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This chapter is from the book

This chapter is from the book

1.2 Design Principles

1.2.1 Everything Is an Object

Dart is a pure object-oriented language. That means that all values a Dart program manipulates at run time are objects—even elementary data such as numbers and Booleans. There are no exceptions.

Insisting on uniform treatment of all data simplifies matters for all those involved with the language: designers, implementors and most importantly, users.

For example, collection classes can be used for all kinds of data, and no one has to be concerned with questions of autoboxing and unboxing. Such low-level details have nothing to do with the problems programmers are trying to solve in their applications; a key role of a programming language is to relieve developers of such cognitive load.

Perhaps surprisingly, adopting a uniform object model also eases the task of the system implementor.

1.2.2 Program to an Interface, not an Implementation

The idea that what matters about an object is how it behaves rather than how it is implemented is the central tenet of object-oriented programming. Unfortunately this tenet is often ignored or misunderstood.

Dart works hard to preserve this principle in several ways, though it does so imperfectly.

  • Dart types are based on interfaces, not on classes. As a rule, any class can be used as an interface to be implemented by other classes, irrespective of whether the two share implementation (there are a few exceptions for core types like numbers, Booleans and strings).
  • There are no final methods in Dart. Dart allows overriding of almost all methods (again, a very small number of built-in operators are exceptions).
  • Dart abstracts from object representation by ensuring that all access to state is mediated by accessor methods.
  • Dart’s constructors allow for caching or for producing instances of subtypes, so using a constructor does not tie one to a specific implementation.

As we discuss each of these constructs we will expand on their implications.

1.2.3 Types in the Service of the Programmer

There is perhaps no topic in the field of programming languages that generates more intense debate and more fruitless controversy than static typechecking. Whether to use types in a programming language is an important design decision, and like most design decisions, involves trade-offs.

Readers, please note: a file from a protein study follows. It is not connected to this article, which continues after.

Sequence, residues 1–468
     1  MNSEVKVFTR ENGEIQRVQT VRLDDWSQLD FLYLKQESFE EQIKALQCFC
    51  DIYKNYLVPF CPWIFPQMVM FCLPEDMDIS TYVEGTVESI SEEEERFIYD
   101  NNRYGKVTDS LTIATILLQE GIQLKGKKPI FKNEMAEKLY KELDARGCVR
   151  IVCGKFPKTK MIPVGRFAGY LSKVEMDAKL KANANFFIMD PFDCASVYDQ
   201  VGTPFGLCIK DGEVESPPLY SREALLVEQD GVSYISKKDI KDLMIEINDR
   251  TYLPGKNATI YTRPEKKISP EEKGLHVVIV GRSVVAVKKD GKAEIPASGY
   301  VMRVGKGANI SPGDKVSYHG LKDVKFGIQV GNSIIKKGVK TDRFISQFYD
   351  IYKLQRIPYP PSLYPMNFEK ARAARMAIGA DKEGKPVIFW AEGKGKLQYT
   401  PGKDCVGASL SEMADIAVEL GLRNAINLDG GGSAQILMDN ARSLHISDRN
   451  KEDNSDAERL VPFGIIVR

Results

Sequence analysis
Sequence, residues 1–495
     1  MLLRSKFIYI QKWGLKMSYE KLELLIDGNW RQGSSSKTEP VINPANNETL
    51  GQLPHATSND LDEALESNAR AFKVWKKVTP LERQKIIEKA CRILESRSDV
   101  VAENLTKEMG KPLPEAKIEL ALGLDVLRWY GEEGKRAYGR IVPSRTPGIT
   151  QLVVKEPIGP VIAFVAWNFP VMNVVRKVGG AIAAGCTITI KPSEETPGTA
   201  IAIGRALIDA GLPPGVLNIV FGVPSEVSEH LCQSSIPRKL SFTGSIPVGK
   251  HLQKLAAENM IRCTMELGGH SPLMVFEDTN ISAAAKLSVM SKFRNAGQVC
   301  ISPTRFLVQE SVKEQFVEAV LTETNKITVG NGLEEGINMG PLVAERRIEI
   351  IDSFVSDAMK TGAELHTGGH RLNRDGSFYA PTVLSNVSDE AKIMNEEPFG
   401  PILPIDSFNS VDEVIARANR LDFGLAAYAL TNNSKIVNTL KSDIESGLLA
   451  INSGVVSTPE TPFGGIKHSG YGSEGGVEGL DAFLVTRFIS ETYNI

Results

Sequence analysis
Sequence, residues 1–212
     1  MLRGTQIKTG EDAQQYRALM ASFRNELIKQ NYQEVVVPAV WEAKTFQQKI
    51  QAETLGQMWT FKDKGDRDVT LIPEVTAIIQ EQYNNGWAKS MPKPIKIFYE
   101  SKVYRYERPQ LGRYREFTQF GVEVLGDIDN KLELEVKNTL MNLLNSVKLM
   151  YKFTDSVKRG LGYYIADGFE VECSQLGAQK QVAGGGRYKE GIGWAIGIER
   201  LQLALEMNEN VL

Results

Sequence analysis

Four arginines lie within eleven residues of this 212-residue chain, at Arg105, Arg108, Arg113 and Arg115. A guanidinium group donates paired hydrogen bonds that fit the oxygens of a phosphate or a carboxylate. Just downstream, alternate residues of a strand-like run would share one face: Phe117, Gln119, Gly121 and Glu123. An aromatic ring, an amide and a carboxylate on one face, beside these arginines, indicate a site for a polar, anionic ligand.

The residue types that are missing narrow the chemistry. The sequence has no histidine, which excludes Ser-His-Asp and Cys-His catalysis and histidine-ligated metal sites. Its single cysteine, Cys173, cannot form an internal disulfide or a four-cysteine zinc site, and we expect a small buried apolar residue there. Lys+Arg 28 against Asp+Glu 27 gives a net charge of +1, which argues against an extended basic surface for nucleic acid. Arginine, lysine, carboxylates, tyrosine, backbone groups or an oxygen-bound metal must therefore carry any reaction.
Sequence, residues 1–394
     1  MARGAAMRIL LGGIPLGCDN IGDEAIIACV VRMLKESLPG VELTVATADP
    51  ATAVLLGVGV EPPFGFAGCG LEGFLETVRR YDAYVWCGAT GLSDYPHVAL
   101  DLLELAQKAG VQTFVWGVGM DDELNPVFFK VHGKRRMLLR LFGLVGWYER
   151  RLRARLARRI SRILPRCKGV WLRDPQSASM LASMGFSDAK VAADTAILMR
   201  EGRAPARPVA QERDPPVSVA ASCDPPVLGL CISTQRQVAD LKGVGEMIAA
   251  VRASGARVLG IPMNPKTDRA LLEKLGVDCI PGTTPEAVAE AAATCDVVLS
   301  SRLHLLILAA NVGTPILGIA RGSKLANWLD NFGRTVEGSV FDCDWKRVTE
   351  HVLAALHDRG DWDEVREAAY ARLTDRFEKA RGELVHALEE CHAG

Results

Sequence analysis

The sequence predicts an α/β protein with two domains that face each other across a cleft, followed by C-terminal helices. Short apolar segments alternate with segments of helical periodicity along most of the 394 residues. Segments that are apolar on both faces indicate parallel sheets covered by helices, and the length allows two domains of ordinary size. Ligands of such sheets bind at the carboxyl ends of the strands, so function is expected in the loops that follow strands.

On the positive side, static type information provides valuable documentation to humans and computers. This information, used judiciously, makes code more readable, especially at the boundaries of libraries, and makes it easier for automated tools to support the developer.

Types simplify various analysis tasks, and in particular can help compilers improve program performance.

Adherents of static typing also argue that it helps detect programming errors.

Nothing comes for free, and adding mandatory static type checking to a programming language is no exception. There are, invariably, interesting programs that are prohibited by a given type discipline. Furthermore, the programmer’s workflow is often severely constrained by the insistence that all intermediate development states conform to a rigid type system. Ironically, the more expressive the type discipline, the more difficult it is to use and understand. Often, satisfying a type checker is a burden for programmers. Advanced type systems are typically difficult to learn and work with.

Dart provides a productive balance between the advantages and disadvantages of types. Dart is an optionally typed language, defined to mean:

  • Types are syntactically optional.
  • Types have no effect on runtime semantics.

Making types optional accommodates those programmers who do not wish to deal with a type system at all. A programmer who so chooses can treat Dart as an ordinary dynamically typed language. However, all programmers benefit from the extra documentation provided by any type annotations in the code. The annotations also allow tools to do a better job supporting programmers.

Dart gives warnings, not errors, about possible type inconsistencies and oversights. The extent and nature of these warnings is calibrated to be useful without overwhelming the programmer.

At the same time, a Dart compiler will never reject a program due to missing or inconsistent type information. Consequently, using types never constrains the developer’s workflow. Code that refers to declarations that are absent or incomplete may still be productively run for purposes of testing and experimentation.

The balance between static correctness and flexibility allows the types to serve the programmer without getting in the way.

The details of types in Dart are deferred until Chapter 5, where we explain the language’s type rules and explore the trade-offs alluded to above in detail.

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